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The dangerous "downwind turn" in aircraft


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A popular piece of wisdom passed down generations of pilots, is to be wary of airspeed loss when turning away from the wind, as airspeed is a vital piece of maintaining lift, and losing too much of it and/or losing it too quickly, is a hazard that could get you in trouble. An example goes like this: Let's say we're flying South to North at 100 knots, and the wind is blowing West to East at 20 knots. If we turn West, we're turning into a 20 knot headwind so our airspeed increases to 120 knots. Good. On the other hand if we turn East, we lose those 20 knots, and our airspeed becomes 80 knots. What do you think about this hazard?

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It depends. Once an aircraft is in flight, all the forces on the aircraft are relative to the airmass it is in, and that includes wind. If the aircraft is at altitude, the ground exerts no influence on the aircraft’s performance, with the exception of what the pilot is concentrating on.

For example, if the pilot concentrates only on airspeed, as well as his turn and bank indicators, he can turn and bank all day long without reference to the ground, including turning the “dangerous” downwind turn, without any problem.

Problems can arise if the pilot pays too much attention to the ground, and tries to make his “lazy eights” with reference to some reference on the ground. I experienced this myself in my very early years of training for my private pilot’s license. When trying to do a “lazy eight” over a particular ground reference, in wind, it is possible to over compensate for the wind drift by making a steeper banked turn than if the pilot was paying attention to his airspeed.

So, there is some truth in the “dangerous downwind turn” but only because some pilots are focusing on the wrong frame of reference, the ground instead of the air mass they are flying in.

The closer to the ground the aircraft is, the more dangerous the downwind turn becomes, simply because the inexperienced pilot is more inclined to follow a track over the ground and less inclined to be paying attention to his instruments.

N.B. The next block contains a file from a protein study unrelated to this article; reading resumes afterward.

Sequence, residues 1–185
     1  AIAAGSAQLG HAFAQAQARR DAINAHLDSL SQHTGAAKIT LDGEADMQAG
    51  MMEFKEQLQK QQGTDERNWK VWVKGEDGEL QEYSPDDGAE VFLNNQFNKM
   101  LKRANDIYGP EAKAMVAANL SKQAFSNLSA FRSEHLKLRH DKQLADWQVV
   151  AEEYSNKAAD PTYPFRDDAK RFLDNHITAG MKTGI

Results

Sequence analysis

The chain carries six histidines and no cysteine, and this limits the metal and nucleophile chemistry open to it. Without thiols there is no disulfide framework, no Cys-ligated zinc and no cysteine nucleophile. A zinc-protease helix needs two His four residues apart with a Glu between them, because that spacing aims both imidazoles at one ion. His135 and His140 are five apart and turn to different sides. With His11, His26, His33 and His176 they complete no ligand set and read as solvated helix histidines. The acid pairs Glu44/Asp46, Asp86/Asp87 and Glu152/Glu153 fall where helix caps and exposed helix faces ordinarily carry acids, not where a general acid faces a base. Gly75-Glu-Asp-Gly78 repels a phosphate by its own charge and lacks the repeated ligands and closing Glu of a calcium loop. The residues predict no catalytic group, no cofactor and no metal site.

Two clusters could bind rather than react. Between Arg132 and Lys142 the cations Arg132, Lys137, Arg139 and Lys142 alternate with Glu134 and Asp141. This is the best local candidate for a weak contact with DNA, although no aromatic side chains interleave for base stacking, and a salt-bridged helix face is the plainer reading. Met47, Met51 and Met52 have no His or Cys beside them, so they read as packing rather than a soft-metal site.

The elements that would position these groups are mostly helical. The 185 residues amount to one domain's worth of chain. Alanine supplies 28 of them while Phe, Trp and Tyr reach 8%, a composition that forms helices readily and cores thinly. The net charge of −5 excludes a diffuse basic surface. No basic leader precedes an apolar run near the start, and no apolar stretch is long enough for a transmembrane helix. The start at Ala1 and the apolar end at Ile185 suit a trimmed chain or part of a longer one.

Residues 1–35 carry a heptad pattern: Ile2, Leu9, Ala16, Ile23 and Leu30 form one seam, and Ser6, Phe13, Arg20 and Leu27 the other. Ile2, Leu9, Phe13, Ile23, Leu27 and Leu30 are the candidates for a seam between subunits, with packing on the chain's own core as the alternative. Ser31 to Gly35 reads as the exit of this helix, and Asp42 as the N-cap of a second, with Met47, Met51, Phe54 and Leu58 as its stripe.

This can result in the pilot needing to over correct his course by “crabbing” into the wind, risking a cross-controlled stall, where the aircraft's rudder and ailerons are working in opposite directions.

I have known some private pilots who thought that crabbing into a landing was perfectly good practice!

Unfortunately, at least one of them died in a spin because of using this technique once too often.

My answer to your question is: No, the so-called “dangerous downwind turn” is not dangerous to an experienced pilot who is not distracted by the ground, and knows how to make a coordinated turn even in windy conditions.





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21 minutes ago, sluggo said:

You monitor your airspeed to avoid a dangerous stall.

Most aircraft flying today have some form of stall warning system.

The point is, unless the pilot is focusing on a ground reference, the plane's airspeed does not change much if at all. Only the ground speed changes, which has no effect on the aircraft's performance with respect to the air mass it is flying in. You should always be paying attention to your air speed and other instruments such as turn and bank indicator and altimeter. But as I wrote earlier, once an aircraft is in flight, all the forces on the aircraft are relative to the airmass it is in, and that includes wind. If the aircraft is at altitude, the ground exerts no influence on the aircraft’s performance. The aircraft will not stall in a downwind coordinated turn.

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My reply was specifically for airspeed, without regard for the ground or type of maneuvers. In a cloud you lose your sense of direction, without instruments.If you have winds in whatever direction, as a trained pilot, you know how to compensate.
I am also minimizing the danger proposed be ECM. There are greater risks like loss of power, bird strikes, severe weather, pilot error.


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I attended air shows in the past. The only one where I witnessed an accident was 1995 at Toronto Canada off the shore of Lake Ontario. A maritime patrol aircraft (a converted 4 engine British Comet airliner) was finishing a maneuver, and climbing in preparation for it's next one. I looked down at the program to see what was next. There was a muffled explosion, I looked up to see a cloud of water a few hundred feet high full of dark pcs of debris. The crew of 7 perished.

A little research provided the result of the investigation, which I hadn't done until now.Pilot error, not monitoring his airspeed, resulting in a stall, without adequate altitude for recovery.Aircraft and lives have been lost for lesser seemingly insignificant details.

My intention was not to disagree with what was posted, but emphasize aviation is much more complex than the principles of flight. It involves aircraft mfr., air traffic control, weather service, navigation aids, etc.

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